Egor Abramenko was nine years old when his father returned home to Russia with a VHS copy of Jurassic Park. Life was never the same after that.
"Science fiction became part of my DNA," Abramenko tells Inverse. "I watched that and fell in love. When the time came to do my first feature film, I knew it would be science fiction."
In contrast to the Hollywood blockbusters Abramenko grew up on, where aliens invaded American cities like New York, Los Angeles, and Washington D.C., for his first movie, the director set his sights more local.
"I thought it was an interesting idea to do an alien invasion movie that unfolds in the USSR," he says. "It was a crucial period for Russian history."
Available now on VOD, Sputnik is a new science-fiction thriller about a parasite that inhabits a Cold War-era Russian cosmonaut. Set in 1983, a disgraced psychologist, Tatiana (Oksana Akinshina) is recruited to evaluate Konstantin (Pyotr Fyodorov), the only survivor of a downed spacecraft with no memory of the crash. As Tatiana questions Konstantin in a secluded facility, she discovers an alien creature — and a government cover-up — that could threaten the entire world.
In more ways than one, Abramenko's movie monster got under his own skin.
"It was a long, painful process," he says of designing the monster. In the film, the unnamed creature looks like an unholy crossbreed of a cobra snake, a praying mantis, and an insect. Abramaneko remembers that "someone" in a pre-production meeting brought up the imagery of snakes.
"Someone mentioned snakes living in your body and going out every night through your mouth. That was image was terrifying," he says. "That image became our blueprint. It was a very long process finding the creature."
While everything about Sputnik is Russian made, Abramenko's first feature exists in reverence to '80s-era Hollywood horror movies. "I was inspired by U.S. science fiction," he says. "Alien, Blade Runner, The Thing, E.T. The '80s was a golden era for great sci-fi, and in terms of visual aesthetics and texture we can play with as filmmakers."
An experienced commercial director whose portfolio includes spots for Budweiser and Visa, Abramenko spun Sputnik out of an acclaimed 11-minute short The Passenger that wowed audiences at the 2017 Fantastic Fest.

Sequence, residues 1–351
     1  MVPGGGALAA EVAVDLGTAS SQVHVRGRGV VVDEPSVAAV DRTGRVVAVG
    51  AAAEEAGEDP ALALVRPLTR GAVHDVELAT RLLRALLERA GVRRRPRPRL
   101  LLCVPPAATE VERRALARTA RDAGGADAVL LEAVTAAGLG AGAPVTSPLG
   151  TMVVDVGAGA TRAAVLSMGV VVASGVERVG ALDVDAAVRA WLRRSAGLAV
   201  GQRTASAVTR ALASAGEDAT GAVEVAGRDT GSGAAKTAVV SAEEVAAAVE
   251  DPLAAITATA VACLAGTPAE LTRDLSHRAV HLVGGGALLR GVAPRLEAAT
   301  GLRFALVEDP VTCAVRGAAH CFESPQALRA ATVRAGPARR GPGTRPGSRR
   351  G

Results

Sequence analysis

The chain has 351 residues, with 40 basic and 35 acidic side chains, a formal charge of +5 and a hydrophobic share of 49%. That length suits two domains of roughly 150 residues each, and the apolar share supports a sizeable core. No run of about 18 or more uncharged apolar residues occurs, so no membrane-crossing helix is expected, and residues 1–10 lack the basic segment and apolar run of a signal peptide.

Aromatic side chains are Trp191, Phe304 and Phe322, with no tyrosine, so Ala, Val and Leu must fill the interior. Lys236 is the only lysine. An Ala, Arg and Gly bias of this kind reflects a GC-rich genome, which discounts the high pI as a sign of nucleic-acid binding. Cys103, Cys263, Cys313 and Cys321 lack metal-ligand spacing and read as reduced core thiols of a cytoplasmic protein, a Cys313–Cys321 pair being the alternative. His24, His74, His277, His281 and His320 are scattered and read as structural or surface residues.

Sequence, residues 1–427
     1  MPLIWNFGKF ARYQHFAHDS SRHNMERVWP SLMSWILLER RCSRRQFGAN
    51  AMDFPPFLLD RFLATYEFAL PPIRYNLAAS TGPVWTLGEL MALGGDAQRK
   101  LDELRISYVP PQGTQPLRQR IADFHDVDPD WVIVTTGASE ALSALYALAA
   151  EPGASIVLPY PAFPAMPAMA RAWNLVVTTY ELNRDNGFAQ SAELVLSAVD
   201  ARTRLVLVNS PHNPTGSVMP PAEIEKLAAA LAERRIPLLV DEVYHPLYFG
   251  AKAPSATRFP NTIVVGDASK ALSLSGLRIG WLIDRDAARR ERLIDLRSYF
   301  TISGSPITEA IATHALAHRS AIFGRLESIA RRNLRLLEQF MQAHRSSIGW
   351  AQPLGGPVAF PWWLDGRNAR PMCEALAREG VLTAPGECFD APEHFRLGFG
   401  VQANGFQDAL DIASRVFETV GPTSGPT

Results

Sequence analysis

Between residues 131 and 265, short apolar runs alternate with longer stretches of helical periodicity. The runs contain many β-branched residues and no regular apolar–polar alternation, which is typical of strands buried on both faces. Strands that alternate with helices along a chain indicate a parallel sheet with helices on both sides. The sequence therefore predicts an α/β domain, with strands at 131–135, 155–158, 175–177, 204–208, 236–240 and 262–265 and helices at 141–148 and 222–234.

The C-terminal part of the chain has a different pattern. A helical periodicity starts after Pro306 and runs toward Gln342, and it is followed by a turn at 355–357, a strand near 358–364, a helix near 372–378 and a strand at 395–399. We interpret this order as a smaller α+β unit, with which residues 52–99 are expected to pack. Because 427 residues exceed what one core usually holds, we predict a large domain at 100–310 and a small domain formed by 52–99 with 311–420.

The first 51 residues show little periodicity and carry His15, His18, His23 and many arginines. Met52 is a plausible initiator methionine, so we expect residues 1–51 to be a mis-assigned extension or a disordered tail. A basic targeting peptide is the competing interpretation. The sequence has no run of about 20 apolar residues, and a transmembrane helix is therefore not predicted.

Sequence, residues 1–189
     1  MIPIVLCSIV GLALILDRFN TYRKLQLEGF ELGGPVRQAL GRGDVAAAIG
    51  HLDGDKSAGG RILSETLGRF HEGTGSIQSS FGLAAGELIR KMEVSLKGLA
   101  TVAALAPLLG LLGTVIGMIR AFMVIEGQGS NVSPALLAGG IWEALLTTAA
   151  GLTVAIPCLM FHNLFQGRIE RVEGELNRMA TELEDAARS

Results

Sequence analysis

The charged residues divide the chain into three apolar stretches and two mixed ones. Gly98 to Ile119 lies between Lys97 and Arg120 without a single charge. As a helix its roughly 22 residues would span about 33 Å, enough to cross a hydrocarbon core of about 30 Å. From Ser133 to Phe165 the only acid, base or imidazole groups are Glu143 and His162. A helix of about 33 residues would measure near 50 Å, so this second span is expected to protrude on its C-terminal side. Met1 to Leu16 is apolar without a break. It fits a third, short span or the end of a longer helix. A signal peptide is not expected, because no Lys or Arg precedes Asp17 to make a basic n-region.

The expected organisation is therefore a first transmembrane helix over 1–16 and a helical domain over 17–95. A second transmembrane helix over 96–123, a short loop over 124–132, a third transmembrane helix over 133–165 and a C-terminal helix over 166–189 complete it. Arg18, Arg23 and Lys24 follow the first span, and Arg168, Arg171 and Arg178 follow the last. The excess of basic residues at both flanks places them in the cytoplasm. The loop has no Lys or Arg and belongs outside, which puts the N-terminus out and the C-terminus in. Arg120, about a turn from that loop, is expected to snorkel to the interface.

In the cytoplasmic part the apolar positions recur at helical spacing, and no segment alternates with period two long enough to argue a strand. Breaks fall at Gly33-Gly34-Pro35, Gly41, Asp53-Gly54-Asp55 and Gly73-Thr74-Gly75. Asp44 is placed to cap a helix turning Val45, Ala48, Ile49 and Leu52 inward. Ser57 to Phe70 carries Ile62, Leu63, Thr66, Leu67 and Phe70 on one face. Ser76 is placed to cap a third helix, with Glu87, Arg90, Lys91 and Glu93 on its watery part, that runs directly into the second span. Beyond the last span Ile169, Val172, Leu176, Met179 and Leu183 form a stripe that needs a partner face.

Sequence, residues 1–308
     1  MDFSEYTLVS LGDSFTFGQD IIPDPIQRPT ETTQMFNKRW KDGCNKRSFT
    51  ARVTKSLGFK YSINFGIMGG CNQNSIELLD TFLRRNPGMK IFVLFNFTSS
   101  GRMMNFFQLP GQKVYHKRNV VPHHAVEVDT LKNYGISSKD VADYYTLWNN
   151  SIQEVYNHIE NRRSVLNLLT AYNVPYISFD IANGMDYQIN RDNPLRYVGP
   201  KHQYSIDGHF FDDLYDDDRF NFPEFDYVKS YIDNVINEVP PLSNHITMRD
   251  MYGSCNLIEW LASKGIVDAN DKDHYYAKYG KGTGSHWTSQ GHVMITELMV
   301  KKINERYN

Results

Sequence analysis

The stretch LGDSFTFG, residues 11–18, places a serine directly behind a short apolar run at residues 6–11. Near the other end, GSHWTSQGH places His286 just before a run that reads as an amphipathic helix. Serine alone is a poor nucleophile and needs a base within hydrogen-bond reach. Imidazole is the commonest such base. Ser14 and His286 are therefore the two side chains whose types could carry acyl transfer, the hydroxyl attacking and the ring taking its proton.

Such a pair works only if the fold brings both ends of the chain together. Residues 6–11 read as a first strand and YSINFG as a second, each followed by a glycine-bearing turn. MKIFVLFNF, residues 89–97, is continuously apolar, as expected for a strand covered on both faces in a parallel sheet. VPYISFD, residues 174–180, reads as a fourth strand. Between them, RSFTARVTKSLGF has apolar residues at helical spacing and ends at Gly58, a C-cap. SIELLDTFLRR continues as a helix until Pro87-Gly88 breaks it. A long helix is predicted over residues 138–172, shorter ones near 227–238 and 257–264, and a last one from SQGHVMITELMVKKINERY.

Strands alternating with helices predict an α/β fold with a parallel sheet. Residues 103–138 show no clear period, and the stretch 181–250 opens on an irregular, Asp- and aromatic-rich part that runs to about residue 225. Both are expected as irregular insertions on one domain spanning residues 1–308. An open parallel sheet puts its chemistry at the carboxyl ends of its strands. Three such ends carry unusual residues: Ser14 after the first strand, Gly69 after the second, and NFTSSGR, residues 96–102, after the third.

"The difference between advertising and movies is that commercials think in terms of shots," he says. "In movies, you think in sequences, characters, character arcs, and what the audience takes away."
But setting Sputnik in the '80s wasn't merely an excuse to indulge in affectionate period nostalgia, à la Stranger Things. Many of the film's environments — shot in the winter of 2018 and 2019 at the Institute of Biochemistry of the Russian Academy of Sciences in Moscow — is appropriately devoid of human warmth. "This unique place determined the aesthetics of style of our film," Abramenko described in a statement.
Though he was born in 1987, in the final years of the Soviet Union, Abramenko understands how it was "a new period" for his people. "I would say it's almost the same we're experiencing now," he says, citing the existential nightmare living in a pandemic.
"The '80s were this really strange time that everybody was on edge. Everybody was waiting for something, whether it's a new war or a threat coming out of space. Everything was changing." In his director's statement, Abramenko called the early '80s "a transitional time of uncertainty" when it was clear "that a huge country is beginning to collapse into an unknown abyss."
Despite Russia's important contributions to global cinema, Abramenko remains all about American science fiction. "I don't think there is such a thing as Russian science fiction," he says. "It's a new genre for Russia. Sputnik is the first science fiction horror [for us]. It's young, uncharted territory for Russian filmmakers."
Abramenko acknowledges the work of giants like Andrei Tarkovsky, whose '70s science fiction films Solaris (1972) and Stalker (1979) loom large in Russian cinema. The last decade has also seen a pronounced wave of Russian sci-fi blockbusters, like the 2017 film Attraction (of which Abramenko served as second unit director) and its 2020 sequel Invasion; the 2019 film Coma; and the 2017 superhero movie, Guardians.
But so much of "Russian science fiction" looks a response to Hollywood. After all, Tarkovsky made Solaris because he didn't think highly of Stanley Kubrick's 2001. Abramenko says it's overdue for Russian artists to figure out the genre for themselves. "I believe we have to keep discovering the genre," he says, "and evolve it."
In Sputnik, Abramenko is confident he's found a path for his fellow Russian filmmakers. A twist ending involving the true identity of an unidentified child in an orphanage, a major subplot in Sputnik, is exactly the kind of stuff sci-fi fans chew on for years to come.
Warning: Spoilers for Sputnik ahead.
In Sputnik, we learn that Konstantin is the father to a child he abandoned and left at an orphanage. Towards the end of the movie, when Konstantin kills himself to keep the creature from infecting more people, Tatiana makes a promise to adopt his child.
All throughout Sputnik, we see a neglected child in an orphanage. We do not know their name until the very end. We assume he is Konstantin's son, until we learn the child is actually a young Tatiana in flashbacks.
"Our story deals with trauma," Abramenko tells Inverse about his film's surprise ending. "Our main protagonist has trauma. Even Colonel Semiradov, a terrific villain, has his own trauma. We thought we needed our audience to know why Tatiana ended up like [she is]. Why she's so tought. We wanted to show her background in that way. Everyone has their own personal trauma, and that [ending] is part of Tatiana."
Sputnik is available now on VOD.